There are services today that provide some of that functionality, but they’re more developer-focused. Trys pointed me to Pipedream, which looks good but you need to know how to write Node.js code and import npm packages. I’m sure it’s great if you’re into serverless Jamstack lambda thingamybobs but I don’t think it’s going to unlock the potential for non-coders to create cool stuff.
Cables is a tool for creating beautiful interactive content.
It isn’t about making mashups, but it does look something that non-coders could potentially use to make something that looks cool. It reminds me a bit of Bret Victor and his classic talk on Inventing On Principle—always worth revisting!
Friday, March 15th, 2019
Monday, May 1st, 2017
A documentary by Matt Parker (brother of Andy) that follows in the footsteps of people like Andrew Blum, James Bridle, and Ingrid Burrington, going in search of the physical locations of the internet, and talking to the people who maintain it. Steven Pemberton makes an appearance in the first and last of five episodes:
- What is the Cloud vs What Existed Before?
- Working out the Internet: it’s a volume game
- The Submarine Cable Network
- How Much Data Is There?
The music makes it feel quite sinister.
Monday, April 25th, 2016
A transatlantic cable, hurrah!
Sunday, February 14th, 2016
Monika’s end-of-year piece is rather excellent:
The map exposes the network of fibre optic internet cables that lie deep below the sea giving an unfettered glimpse of the government’s counterterrorism tactics and the murky justifications behind them.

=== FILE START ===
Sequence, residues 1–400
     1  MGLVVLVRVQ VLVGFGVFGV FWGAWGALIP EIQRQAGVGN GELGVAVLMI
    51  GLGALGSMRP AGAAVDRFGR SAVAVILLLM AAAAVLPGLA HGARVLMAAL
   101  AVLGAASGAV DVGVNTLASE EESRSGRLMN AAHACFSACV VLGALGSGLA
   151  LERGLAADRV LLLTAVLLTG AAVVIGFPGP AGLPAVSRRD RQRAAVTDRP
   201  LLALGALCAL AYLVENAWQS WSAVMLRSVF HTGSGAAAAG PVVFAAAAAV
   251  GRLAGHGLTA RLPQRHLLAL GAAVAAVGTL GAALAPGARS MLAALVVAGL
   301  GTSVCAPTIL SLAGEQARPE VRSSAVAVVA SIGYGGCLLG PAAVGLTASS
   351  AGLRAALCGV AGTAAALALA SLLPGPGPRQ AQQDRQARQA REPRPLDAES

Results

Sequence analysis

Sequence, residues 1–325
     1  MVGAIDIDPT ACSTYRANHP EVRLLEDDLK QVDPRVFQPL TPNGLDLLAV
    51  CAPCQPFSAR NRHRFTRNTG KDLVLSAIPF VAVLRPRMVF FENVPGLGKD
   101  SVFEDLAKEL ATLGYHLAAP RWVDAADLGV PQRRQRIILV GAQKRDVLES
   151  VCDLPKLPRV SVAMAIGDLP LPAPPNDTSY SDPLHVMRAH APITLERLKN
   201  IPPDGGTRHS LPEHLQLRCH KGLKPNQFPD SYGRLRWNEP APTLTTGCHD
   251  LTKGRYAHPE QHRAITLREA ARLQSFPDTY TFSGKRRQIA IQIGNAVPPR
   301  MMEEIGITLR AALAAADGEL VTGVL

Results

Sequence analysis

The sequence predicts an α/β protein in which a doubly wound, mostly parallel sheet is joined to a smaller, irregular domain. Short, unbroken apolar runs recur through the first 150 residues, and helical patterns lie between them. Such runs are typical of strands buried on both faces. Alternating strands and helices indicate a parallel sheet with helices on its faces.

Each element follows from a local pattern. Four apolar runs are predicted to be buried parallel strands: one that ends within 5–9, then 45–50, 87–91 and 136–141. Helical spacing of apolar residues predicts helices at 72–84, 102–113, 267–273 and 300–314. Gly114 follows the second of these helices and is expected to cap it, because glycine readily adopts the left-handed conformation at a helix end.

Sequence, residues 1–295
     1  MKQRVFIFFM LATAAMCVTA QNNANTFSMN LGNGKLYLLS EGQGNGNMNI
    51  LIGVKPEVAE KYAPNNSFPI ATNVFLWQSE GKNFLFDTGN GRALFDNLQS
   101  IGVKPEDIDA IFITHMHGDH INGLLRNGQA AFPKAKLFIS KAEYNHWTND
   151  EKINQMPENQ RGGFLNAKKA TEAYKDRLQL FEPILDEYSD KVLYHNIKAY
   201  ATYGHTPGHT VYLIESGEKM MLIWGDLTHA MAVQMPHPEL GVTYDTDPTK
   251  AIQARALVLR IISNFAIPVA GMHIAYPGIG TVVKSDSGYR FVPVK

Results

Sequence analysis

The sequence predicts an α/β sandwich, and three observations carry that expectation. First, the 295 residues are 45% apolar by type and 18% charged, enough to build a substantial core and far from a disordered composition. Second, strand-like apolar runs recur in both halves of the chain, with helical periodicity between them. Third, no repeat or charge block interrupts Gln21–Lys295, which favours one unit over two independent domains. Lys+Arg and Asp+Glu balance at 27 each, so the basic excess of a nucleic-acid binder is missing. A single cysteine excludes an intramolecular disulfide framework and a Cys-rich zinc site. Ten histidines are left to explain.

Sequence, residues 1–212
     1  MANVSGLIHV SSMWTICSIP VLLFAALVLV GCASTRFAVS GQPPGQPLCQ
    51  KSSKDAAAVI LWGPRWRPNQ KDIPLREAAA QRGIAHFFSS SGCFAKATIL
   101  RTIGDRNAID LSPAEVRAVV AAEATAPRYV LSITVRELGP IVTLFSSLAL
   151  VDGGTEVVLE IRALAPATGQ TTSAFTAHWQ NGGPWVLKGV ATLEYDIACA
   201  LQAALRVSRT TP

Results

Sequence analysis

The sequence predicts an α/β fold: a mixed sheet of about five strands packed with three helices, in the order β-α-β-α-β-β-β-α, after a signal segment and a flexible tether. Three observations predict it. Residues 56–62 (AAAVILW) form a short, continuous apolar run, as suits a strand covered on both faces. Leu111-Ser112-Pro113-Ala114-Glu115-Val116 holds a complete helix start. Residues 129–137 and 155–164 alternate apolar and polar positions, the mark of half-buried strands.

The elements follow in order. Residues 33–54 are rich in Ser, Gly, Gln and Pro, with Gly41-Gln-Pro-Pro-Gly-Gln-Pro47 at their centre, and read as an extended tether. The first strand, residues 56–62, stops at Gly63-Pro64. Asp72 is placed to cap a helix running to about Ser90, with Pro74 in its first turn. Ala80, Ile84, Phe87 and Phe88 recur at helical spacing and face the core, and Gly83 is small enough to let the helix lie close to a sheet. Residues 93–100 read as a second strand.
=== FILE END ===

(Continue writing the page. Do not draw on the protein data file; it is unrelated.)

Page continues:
Tuesday, December 1st, 2015
Saturday, October 31st, 2015
Monday, March 16th, 2015
This year’s map from TeleGeography is looking lovely.
Thursday, October 3rd, 2013
This is a great explanatory piece from James Bridle in conjunction with Mozilla’s Webmaker. It’s intended for a younger audience, but its clear description of how web requests are resolved is pitch-perfect primer for anyone.
The web isn’t magic. It’s not some faraway place we just ‘connect’ to, but a vast and complex system of computers, connected by actual wires under the ground and the oceans. Every time you open a website, you’re visiting a place where that data is stored.
Sunday, September 1st, 2013
A little sojourn around the Victorian internet.
Friday, April 26th, 2013
A beautiful piece by James on the history of light as a material for communication …and its political overtones in today’s world.
What is light when it is information rather than illumination? What is it when it is not perceived by the human eye? Deep beneath the streets and oceans, what is illuminated by the machines, and how are we changed by this illumination?
Sunday, February 3rd, 2013
This year’s TeleGeography map of the undersea network looks beautiful—inspired by old maps. I love the way that latency between countries is shown as inset constellations.
Thursday, July 19th, 2012
This is just wonderful! It combines almost all of my recent obsessions into one unified post: website performance (particularly on mobile) and the locations of undersea cables. The interactive map is the icing on the cake.
Tuesday, February 28th, 2012
Explore the shape of the underwater world of internet backbones.